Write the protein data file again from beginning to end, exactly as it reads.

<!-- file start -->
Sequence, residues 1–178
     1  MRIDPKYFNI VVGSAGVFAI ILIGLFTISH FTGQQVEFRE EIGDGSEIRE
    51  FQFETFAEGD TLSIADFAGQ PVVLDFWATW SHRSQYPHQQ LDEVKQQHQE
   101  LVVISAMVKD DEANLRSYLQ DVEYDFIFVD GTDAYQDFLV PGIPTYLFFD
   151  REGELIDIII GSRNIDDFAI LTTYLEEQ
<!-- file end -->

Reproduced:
Sequence, residues 1–178
     1  MRIDPKYFNI VVGSAGVFAI ILIGLFTISH FTGQQVEFRE EIGDGSEIRE
    51  FQFETFAEGD TLSIADFAGQ PVVLDFWATW SHRSQYPHQQ LDEVKQQHQE
   101  LVVISAMVKD DEANLRSYLQ DVEYDFIFVD GTDAYQDFLV PGIPTYLFFD
   151  REGELIDIII GSRNIDDFAI LTTYLEEQ